- The head of the UN nuclear watchdog took a swipe at Israel on Monday
for "allegedly" bombing to rubble a suspected Syrian reactor site in
2007, saying the case should have been reported to his agency instead.
International Atomic Energy Agency (IAEA) has been investigating Syria
for three years over possible undeclared nuclear activity at the Dair
Alzour site in the desert.
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US intelligence reports said it was a nascent North Korean-designed reactor intended to make bomb-grade plutonium.
IAEA board is expected to rebuke Syria later this week for carrying out
covert atomic work, but a Western push to refer it to the UN Security
Council appears to have failed to win backing from several states.
Diplomats said those expressing doubt about this step against Syria -- which is also facing Western sanctions over its violent crackdown on pro-democracy protests -- included Russia and China as well as some Arab states and developing countries.
Syria denies harboring a nuclear weapons program but has blocked access to Dair Alzour since a one-off visit of IAEA inspectors in 2008.
"It is deeply regrettable that the facility was destroyed -- allegedly
by Israel -- without the agency having been given an opportunity to
perform its verification role," IAEA Director-General Yukiya Amano told
the IAEA's 35-nation governing board.
"Rather than force being used, the case should have been reported to the
IAEA," he said, according to a copy of his remarks at a closed-door
session.IAEA meeting set to rebuke Syria
Israel has neither confirmed nor denied bombing the site and has not
formally commented on what might have been there. It is widely accepted
among diplomats and IAEA officials that Israel carried out the attack.
In a memoir published last year, former US President George W. Bush said
Israel bombed the site after failing to persuade his administration to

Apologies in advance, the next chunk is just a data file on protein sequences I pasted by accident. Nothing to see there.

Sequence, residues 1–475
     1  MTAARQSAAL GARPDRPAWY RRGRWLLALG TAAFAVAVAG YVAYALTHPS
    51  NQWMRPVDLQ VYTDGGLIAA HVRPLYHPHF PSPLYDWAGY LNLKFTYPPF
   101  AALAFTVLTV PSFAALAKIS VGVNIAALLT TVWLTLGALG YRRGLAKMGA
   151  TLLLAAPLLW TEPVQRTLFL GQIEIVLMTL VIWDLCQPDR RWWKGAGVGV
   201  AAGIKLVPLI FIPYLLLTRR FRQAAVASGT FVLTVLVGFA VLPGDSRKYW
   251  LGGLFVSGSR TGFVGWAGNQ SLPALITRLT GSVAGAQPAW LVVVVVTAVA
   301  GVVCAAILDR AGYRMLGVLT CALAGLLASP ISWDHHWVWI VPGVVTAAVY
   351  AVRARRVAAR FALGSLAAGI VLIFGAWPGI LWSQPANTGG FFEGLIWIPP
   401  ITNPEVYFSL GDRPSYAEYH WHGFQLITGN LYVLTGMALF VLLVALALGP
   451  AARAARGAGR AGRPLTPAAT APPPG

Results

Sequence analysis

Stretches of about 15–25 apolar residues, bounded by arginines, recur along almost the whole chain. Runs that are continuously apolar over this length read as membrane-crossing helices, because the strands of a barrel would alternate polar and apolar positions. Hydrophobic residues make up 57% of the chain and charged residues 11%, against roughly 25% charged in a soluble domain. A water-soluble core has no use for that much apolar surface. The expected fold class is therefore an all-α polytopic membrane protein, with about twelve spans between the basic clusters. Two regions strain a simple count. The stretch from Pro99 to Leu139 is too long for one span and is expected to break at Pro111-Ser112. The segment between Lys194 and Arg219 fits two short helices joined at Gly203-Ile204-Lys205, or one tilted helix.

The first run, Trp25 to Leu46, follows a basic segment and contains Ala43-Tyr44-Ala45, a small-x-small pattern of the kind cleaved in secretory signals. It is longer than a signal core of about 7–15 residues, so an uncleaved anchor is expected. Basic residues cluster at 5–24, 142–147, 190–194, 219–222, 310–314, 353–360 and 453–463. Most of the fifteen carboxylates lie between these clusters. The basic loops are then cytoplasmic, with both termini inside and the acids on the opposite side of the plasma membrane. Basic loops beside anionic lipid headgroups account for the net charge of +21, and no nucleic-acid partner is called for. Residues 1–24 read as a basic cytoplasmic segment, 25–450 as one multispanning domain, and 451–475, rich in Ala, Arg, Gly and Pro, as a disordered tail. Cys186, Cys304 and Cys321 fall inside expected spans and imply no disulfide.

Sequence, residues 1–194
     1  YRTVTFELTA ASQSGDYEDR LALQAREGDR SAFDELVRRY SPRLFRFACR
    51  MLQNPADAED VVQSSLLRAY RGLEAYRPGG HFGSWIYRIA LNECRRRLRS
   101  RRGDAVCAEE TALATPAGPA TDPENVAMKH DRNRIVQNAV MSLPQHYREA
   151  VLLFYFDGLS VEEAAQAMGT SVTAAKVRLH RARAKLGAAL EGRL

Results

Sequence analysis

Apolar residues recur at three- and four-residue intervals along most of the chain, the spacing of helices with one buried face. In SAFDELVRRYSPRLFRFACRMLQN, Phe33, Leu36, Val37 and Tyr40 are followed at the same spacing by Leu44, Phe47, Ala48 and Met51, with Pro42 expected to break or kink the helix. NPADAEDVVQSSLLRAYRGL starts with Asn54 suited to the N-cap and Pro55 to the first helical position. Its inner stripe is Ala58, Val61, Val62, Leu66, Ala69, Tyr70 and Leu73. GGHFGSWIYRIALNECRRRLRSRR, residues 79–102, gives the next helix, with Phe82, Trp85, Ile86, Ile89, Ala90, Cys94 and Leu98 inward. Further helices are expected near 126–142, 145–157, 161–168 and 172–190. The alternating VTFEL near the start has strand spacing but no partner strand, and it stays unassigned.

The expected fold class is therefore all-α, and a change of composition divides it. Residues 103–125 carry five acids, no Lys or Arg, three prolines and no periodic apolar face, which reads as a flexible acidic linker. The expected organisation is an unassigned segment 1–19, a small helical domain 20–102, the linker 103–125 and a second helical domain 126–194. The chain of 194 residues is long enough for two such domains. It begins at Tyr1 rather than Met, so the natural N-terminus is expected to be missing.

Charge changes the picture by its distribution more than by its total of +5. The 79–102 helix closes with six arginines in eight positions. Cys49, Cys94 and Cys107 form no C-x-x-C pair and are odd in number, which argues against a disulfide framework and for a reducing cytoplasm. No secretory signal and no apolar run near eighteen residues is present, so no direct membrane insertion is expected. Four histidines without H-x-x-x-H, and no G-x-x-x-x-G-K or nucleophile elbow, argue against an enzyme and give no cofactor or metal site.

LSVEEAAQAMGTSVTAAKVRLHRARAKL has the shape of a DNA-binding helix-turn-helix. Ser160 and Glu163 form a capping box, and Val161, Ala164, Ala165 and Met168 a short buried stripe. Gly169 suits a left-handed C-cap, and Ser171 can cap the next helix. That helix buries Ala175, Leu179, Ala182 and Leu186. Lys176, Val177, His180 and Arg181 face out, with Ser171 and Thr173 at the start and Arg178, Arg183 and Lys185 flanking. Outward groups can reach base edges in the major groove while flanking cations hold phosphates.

carry out the strike.
Amano also reiterated that the site was "very likely" to have been a
nuclear reactor which Damascus should have reported to the IAEA, an
assessment that opened up the possibility of a Security Council
Signalling the IAEA's growing frustration, Amano said Syria had been given ample time to cooperate but had declined to do so.
"Nevertheless, we had obtained enough information to draw a conclusion. I
judged it appropriate to inform member states of our conclusion at this
stage as it was in no one's interest to let this situation drag on
In an apparent effort to fend off a Security Council referral, Syria
wrote to Amano last month pledging to cooperate fully regarding Dair
Alzour. It did not say how it would do this.
Amano said the IAEA had since met Syrian officials but the talks had failed to produce any firm results.
"There were not [any] concrete elements to the discussion and we have
agreed to meet again after the Board of Governors meeting [on June
6-10]," he told a news conference.
Amano said that even if the Syrian nuclear file were sent to New York it
would not affect his willingness to engage. "I am looking forward to
working with them whatever happens," he said.